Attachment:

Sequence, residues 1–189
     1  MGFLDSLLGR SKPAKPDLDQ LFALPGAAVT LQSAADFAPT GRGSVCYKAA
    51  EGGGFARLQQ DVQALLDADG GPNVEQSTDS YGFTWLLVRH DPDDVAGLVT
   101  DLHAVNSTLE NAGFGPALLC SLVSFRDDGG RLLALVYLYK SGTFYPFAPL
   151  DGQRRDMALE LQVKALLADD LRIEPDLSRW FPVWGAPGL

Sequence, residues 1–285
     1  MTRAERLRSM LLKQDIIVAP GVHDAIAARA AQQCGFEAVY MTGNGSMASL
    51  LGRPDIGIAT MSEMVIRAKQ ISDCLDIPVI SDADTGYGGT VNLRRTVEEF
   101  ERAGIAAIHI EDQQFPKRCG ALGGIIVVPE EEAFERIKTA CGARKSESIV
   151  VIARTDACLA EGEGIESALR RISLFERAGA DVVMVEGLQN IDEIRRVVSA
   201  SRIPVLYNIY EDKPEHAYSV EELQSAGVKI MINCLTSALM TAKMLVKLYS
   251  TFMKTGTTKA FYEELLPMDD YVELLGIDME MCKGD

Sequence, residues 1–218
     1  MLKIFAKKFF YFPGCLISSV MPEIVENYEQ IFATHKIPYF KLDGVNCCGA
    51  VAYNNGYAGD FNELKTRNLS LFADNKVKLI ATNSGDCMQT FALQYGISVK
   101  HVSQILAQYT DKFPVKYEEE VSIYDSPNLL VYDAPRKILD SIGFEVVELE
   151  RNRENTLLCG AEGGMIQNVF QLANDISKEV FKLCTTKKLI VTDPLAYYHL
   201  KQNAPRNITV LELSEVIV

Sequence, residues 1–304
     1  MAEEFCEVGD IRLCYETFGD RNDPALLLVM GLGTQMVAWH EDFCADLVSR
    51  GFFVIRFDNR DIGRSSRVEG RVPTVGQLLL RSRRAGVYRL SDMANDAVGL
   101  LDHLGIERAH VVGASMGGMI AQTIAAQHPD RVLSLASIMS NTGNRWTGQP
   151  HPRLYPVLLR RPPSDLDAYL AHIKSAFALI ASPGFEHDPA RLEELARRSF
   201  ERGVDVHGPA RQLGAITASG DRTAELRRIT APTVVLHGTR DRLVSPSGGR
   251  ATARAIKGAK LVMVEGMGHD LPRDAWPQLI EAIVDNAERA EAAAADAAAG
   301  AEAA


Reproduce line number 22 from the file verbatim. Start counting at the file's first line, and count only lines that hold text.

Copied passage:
   101  LDHLGIERAH VVGASMGGMI AQTIAAQHPD RVLSLASIMS NTGNRWTGQP